Netline to Deliver Advanced Anti-Drone System ‘DroneNet’ to a European Customer


Defence Industry

Tel Aviv: Israeli company Netline will soon deliver it’s very advanced anti-drone system to a European customer.


Yallon Bahat, the company’s CEO told Raksha Anirveda that the company’s different anti-drone systems are being evaluated currently by other potential customers. He added that some of the system’s components are integrated in the Rafael’s Iron Dome system.

The use of drones for different attack missions is increasing sharply, posing a major challenge to domestic law enforcement and homeland security. Military compound protection, VIP protection and other HLS missions, like airports and critical infrastructures.

According to Netline, the DroneNet’s comprehensive protective envelope consists of three defence layers operating sequentially in real time and activated automatically upon threat detection, with each layer capable of operating as a stand-alone system and interfacing with other defence systems.

The company says that from preliminary detection, through identification & tracking, to mitigation of the threat, the DroneNet RD provides a holistic solution for continuous aerial situational awareness and preparedness. The DroneNet DF sensor is easily transportable and can be quickly deployed by the tactical operating team, designed to support operation in harsh weather conditions, meeting military standards requirements. The system is designed to withstand harsh environmental conditions and is MIL-STD 810 compliant and other international environmental standards.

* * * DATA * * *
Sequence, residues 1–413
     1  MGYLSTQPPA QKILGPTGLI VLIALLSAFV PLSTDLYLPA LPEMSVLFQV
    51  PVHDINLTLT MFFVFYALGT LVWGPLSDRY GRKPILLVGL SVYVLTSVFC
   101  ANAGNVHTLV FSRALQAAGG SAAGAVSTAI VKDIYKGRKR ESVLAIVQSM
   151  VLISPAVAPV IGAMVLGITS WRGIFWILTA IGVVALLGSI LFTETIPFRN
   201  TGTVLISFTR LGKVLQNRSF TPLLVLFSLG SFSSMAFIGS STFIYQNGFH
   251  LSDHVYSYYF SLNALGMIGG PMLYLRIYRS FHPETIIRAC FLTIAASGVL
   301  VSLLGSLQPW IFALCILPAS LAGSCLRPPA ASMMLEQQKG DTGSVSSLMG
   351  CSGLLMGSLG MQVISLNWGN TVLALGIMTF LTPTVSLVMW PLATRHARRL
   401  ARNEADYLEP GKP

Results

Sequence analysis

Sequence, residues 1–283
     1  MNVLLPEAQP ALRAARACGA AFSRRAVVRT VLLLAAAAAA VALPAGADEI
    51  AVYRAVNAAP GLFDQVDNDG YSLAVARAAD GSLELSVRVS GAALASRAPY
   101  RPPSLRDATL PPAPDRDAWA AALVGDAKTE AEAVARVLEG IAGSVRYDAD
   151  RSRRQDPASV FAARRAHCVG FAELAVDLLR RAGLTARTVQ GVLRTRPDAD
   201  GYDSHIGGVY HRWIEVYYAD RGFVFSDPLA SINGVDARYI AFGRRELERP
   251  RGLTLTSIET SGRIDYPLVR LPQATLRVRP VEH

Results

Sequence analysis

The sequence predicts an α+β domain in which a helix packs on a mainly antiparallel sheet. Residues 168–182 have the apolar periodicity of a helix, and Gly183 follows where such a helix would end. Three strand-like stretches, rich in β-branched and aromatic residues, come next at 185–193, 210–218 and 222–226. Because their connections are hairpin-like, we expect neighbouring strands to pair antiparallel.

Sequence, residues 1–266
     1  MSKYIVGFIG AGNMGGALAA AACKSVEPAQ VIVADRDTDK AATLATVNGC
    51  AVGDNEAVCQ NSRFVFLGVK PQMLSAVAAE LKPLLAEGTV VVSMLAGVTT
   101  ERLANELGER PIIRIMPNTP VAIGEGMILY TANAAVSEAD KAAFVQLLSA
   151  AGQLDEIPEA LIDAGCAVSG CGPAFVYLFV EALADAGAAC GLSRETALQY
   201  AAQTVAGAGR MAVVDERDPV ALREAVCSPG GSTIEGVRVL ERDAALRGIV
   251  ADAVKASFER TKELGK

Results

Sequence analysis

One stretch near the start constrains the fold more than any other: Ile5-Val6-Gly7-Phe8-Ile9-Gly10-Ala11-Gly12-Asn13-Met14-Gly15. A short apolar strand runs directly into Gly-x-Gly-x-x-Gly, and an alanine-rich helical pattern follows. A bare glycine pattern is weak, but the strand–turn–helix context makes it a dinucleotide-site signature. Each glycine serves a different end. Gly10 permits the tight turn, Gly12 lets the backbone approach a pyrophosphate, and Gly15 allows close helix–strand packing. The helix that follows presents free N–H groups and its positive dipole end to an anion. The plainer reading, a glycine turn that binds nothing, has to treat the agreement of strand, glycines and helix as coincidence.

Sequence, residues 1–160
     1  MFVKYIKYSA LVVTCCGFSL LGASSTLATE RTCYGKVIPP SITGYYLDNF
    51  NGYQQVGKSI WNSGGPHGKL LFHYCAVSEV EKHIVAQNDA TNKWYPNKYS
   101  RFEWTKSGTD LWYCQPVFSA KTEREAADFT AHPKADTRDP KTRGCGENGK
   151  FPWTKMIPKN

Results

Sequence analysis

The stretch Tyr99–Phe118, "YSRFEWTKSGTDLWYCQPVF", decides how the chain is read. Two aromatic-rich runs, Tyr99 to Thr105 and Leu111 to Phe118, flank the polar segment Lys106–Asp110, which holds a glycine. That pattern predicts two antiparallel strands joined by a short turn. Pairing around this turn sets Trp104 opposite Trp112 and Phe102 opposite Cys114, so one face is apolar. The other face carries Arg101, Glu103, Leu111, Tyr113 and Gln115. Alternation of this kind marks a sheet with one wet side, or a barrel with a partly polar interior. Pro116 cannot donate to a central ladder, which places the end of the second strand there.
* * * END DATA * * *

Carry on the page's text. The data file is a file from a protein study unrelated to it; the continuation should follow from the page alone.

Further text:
The detection of hostile drone and its identification starts with constant scan of the spectral environment, looking for potential threats within the spectrum that are characteristic to drone broadcasts. Preloaded spectral signatures of commercially available drones are used as the system’s database.

During the detection phase, DroneNet searches for activity patterns corresponding to the stored signatures in the 433MHz, 800/900MHz, 2.4GHz and 5.8GHz bands. Once a match is found the C4I console alerts a drone has been detected, as well as its type, enabling an appropriate response time for mitigation.

According to the company, DroneNet’s nearly zero false alarm rate is achieved by using an SDR SIGINT receiver, identifying the drone’s spectral signature, being agnostic to its protocol data. DroneNet also includes a Wi-Fi drones sensor enabling the detection and Identification of 2.4GHz Wi-Fi drones by analysing the Wi-Fi protocol.

Tracking of hostile drones is achieved by utilizing a Direction-Finding (DF) sensor, continuously scanning the spectrum for spectral signatures, and analysing the spectral activity around a target in risk in the 2.4GHz and 5.8GHz bands. Upon detection of an unrecognized drone, the DF sensor calculates the direction of the threat in relation to the antenna’s position based on the signals transmitted by the threat.

A single DF sensor’s measurement points the direction from which the drone is trying to intrude a secured airspace. Measurements from two or more DF sensors, deployed in different locations, are triangulated to determine the precise 3D location of the drone.